Winter has settled in, but you’re an Oregonian, and that means your love of the outdoors isn’t limited to just one season. The Portland area stays fairly mild through most of the winter, which means many of the trails you love hiking in the summer are still open today. Here’s a list of seven beautiful hikes that look totally different in the winter time. Don’t forget to bring your camera!
Trillium Lake in Mt. Hood National Forest
If you love being outdoors in the winter, you might have already planned your weekend getaway at Mt. Hood. The mountain’s three ski resorts are among the best in the Pacific Northwest, and the drive time is about 90 minutes for most Portlanders. If you can tear yourself away from your skis or snowboard, take a hike around Trillium Lake.
Trillium Lake is a popular summer destination, but in some ways, it’s even better in the winter. For one, the trails won’t be packed. There are also more trails to hike in the winter, since some nearby roads close down during the snowy season, and camping doesn’t start back up until spring. Check snow conditions before you go—you’ll most likely need snowshoes for longer hikes.
Multnomah Falls is another hiking hot spot where crowds die down in the winter, but snow and ice only add to its beauty, making it a rewarding winter day hike. The view from the parking lot alone makes it worth the short drive from downtown. For those looking to spend a good chunk of their day on the trails, the six-mile loop to Wahkeena Falls just reopened in November, after 2017’s Eagle Creek Fire destroyed huge sections of it.
Hikers are technically told to “enter at their own risk,” since the Columbia River Gorge is still recovering from the fire. You’ll want to keep an eye out for loose rocks and falling tree limbs. Icy conditions could exacerbate those dangers. If you want to play it safe, take the short (less than a quarter-mile) walk up to Benson Bridge, then enjoy a burger and a drink at the lodge.
Historic Columbia River Highway
The Historic Columbia River Highway also fell victim to the Eagle Creek Fire. Sections of the highway are still closed, but crews have managed to reopen the stretch between Ainsworth State Park and Bridal Veil. Unfortunately, that doesn’t include the car-free trail east of Ainsworth State Park, but there’s still great hiking and biking along the stretch that is open. More trails should reopen later this year.
Another reason to come out to the Gorge is to support the community, which was hit hard by the wildfire. The prolonged trail closures make the winter dip in tourism even more impactful. Take a hike, then eat at a local restaurant in a nearby town. It’ll help ensure that the community has the resources to recover and in turn helps maintain the hiking trails.
Oxbow Regional Park
If you don’t want to drive all the way out to the Columbia River Gorge, you can enjoy the Sandy River Gorge right in Gresham. Oxbow Park features an old growth forest, 12+ miles of trails, and boat access to the river. You can’t go wrong with an easy, low-grade walk along the river, but for the best views, climb one of the steeper trails up the ridge and look down on the whole park.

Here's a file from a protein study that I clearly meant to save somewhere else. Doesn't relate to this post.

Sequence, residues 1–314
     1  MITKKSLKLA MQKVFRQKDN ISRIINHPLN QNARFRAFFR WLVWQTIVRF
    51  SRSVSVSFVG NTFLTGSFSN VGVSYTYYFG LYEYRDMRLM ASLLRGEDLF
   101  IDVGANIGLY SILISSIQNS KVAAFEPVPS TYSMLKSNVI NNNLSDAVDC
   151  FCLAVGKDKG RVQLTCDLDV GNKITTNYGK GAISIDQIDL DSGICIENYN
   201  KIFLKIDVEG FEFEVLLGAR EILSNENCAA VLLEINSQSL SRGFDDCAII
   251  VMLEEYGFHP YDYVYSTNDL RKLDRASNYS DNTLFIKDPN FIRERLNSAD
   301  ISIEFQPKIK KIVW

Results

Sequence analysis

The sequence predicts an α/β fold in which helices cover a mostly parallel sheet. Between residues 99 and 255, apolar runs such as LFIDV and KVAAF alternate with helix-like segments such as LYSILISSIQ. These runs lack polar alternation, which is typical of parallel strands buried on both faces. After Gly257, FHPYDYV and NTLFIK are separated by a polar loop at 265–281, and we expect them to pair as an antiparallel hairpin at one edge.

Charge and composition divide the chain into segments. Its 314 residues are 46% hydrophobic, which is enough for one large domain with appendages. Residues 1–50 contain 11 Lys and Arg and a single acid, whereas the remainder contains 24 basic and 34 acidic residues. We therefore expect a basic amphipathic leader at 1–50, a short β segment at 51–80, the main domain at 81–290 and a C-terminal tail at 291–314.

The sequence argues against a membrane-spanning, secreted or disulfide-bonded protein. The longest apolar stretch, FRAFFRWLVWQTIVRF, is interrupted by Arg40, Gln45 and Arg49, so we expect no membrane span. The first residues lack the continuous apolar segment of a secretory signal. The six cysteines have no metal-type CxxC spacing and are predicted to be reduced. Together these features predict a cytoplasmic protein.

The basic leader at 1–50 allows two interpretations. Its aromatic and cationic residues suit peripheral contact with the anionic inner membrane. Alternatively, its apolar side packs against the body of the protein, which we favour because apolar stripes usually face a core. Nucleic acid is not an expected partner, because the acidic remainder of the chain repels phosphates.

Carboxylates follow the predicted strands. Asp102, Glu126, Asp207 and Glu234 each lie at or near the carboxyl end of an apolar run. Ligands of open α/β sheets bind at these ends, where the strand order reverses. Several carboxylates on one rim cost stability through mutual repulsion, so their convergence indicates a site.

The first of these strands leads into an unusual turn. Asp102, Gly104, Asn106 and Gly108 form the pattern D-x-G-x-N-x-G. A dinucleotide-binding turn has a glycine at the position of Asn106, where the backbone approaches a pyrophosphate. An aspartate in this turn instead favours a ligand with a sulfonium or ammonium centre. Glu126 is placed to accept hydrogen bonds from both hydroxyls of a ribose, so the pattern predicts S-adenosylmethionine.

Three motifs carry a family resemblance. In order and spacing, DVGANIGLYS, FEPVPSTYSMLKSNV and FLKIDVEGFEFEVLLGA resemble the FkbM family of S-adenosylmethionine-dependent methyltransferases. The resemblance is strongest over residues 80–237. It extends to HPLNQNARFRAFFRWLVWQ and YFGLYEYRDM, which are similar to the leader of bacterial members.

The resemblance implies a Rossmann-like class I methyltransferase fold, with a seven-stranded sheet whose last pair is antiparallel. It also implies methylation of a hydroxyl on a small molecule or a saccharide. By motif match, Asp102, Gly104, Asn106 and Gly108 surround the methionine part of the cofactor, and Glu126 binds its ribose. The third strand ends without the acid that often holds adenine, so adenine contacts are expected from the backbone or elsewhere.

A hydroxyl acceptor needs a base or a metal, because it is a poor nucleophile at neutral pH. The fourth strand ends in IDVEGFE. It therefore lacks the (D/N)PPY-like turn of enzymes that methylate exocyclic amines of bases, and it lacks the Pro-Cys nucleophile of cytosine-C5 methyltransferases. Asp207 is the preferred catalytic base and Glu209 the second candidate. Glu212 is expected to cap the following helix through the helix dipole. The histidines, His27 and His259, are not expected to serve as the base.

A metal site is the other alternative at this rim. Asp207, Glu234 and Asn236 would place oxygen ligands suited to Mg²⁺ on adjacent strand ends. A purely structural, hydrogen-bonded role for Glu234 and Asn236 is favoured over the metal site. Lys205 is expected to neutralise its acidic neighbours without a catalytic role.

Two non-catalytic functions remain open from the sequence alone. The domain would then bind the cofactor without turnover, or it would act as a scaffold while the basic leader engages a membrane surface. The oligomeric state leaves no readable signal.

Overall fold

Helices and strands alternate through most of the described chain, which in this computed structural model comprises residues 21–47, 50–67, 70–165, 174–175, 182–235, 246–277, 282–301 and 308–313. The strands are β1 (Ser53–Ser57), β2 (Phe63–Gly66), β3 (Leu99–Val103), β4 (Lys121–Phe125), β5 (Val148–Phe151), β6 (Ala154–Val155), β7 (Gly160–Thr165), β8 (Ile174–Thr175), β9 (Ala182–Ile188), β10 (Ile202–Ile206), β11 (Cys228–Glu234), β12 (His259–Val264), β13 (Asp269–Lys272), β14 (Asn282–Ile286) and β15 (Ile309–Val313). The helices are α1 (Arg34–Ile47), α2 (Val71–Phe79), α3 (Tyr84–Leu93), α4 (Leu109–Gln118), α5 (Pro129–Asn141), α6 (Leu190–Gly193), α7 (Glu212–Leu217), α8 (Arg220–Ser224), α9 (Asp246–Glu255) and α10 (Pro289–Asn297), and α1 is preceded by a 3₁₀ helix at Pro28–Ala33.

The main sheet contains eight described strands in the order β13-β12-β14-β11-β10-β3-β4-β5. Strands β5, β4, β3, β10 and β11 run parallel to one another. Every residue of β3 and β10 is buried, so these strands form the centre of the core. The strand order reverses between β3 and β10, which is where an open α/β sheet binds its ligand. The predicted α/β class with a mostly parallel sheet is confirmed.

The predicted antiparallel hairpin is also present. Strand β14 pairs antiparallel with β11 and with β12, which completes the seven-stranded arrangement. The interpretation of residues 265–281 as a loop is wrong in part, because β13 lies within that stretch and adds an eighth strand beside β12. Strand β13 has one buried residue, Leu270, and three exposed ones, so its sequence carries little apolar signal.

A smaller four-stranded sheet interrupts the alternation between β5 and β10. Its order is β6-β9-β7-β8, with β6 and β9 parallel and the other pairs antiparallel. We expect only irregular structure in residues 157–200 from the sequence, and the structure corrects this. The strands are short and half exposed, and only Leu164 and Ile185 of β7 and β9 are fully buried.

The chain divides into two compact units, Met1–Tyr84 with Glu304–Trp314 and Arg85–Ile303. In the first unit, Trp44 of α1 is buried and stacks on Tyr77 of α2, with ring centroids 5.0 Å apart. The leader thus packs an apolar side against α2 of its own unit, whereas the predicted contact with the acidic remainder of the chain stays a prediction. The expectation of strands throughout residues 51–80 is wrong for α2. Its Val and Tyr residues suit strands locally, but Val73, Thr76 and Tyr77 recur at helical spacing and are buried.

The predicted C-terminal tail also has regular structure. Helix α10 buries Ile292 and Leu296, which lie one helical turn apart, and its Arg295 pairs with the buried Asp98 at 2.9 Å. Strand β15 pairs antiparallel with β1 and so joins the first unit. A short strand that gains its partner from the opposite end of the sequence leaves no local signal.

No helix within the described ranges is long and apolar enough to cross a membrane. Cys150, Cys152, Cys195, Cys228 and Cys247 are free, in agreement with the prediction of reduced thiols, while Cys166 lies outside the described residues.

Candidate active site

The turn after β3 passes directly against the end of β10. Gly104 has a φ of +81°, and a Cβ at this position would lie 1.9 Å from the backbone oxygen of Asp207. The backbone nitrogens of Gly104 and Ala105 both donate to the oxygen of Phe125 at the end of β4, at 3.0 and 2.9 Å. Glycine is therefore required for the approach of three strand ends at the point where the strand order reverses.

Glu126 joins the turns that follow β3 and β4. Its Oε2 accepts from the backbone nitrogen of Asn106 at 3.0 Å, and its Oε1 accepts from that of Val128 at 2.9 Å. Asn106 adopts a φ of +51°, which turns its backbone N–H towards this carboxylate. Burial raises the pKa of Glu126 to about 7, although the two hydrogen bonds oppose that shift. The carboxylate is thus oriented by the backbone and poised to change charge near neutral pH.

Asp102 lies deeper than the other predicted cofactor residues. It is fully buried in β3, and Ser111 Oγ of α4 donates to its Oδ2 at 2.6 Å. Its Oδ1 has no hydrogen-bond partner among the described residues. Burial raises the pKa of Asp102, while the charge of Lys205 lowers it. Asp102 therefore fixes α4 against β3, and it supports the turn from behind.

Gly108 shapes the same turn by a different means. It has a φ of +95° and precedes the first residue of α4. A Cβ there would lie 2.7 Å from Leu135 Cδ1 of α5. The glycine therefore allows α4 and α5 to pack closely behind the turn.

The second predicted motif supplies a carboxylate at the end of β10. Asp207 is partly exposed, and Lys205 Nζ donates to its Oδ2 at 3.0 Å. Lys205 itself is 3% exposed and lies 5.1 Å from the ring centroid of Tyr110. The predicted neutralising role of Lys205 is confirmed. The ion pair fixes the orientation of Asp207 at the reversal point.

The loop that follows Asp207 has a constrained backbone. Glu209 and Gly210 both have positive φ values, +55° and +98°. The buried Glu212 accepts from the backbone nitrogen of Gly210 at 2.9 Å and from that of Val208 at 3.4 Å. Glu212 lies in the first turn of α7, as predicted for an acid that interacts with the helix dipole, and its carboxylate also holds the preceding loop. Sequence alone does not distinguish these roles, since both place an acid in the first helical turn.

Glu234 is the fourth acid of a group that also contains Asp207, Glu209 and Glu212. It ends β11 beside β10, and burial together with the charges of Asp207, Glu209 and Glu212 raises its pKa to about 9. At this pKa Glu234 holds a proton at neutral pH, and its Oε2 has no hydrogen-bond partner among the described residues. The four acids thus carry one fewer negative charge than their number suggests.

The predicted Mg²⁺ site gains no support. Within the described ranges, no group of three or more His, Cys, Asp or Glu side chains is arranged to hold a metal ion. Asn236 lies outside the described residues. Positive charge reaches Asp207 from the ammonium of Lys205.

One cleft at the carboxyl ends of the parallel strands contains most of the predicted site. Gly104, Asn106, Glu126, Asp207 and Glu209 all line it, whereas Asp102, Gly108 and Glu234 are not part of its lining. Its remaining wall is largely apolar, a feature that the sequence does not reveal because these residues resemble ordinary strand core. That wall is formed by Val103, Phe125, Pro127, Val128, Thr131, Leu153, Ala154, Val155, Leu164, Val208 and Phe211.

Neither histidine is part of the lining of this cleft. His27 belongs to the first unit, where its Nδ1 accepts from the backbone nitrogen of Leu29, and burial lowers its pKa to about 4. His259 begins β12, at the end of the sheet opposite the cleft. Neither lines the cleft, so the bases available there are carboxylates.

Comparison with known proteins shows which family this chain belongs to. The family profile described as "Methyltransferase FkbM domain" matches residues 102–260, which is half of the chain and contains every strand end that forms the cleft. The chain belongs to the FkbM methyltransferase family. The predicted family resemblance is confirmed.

Check the events calendar before you go, because parking is free some days, and Oxbow also hosts educational events. In February, the whole family can learn basic wilderness survival skills for only $11.
Champoeg State Heritage Area
Depending on where in the city you live, driving south might be easier than driving east to the Gorge. If that describes you, check out Champoeg State Park, less than 10 miles southeast of Wilsonville. The Champoeg Loop is an easy, roughly 3.5-mile hike that’s as pretty as it is family friendly.
The park is naturally beautiful, but it also features a lot of Oregon state history. The loop includes a monument where Oregon’s first provisional government formed, way back in 1843, and other historic landmarks. The campgrounds stay open through the winter, so make a weekend out of it and see all the park has to offer.
Saddle Mountain State Natural Area
For those who want to head west from the city, plan a trip to Saddle Mountain. The main trail is just 2.5 miles, but it’s steep, and the park urges only experienced hikers to try it. The hard work is rewarded with a panoramic view from the 3,290-foot summit. If you don’t think you can handle the 1,640 feet of elevation gain on the main trail, there’s a short, 10-minute trail that offers an only slightly less impressive view from Humbug Mountain viewpoint.
Oregonians know how rainy the coast gets during the winter. That can make hiking dangerous, especially on the longer, steeper trails. During severe winter storms, fallen trees and icy conditions can shut down roads in the area. It’s important to check conditions before you go, and come prepared for the worst.
Tryon Creek State Natural Area
If you’re trying to leave the car at home altogether, take Trimet to Tryon Creek. This state park is nestled in a SW Portland neighborhood, just minutes from downtown. The trails are mostly shallow, including three miles of paved walkways, and tree branches shade most of it, so it isn’t as susceptible to the elements as other parks are.
Despite being a short bike ride away from downtown, it’s easy to get lost in the natural beauty of this 650-acre park. This is the perfect place for someone who wants to squeeze in a quick hike between weekend errands.
Those seven parks should have your weekends filled for a while. But they’re just the start! Keep exploring, and leave a comment with any other beautiful hikes you find this winter. And don’t forget to share any stunning pictures you took along the way!
This is great information to have! Thanks so much to the McCredie Group. Your team rocks!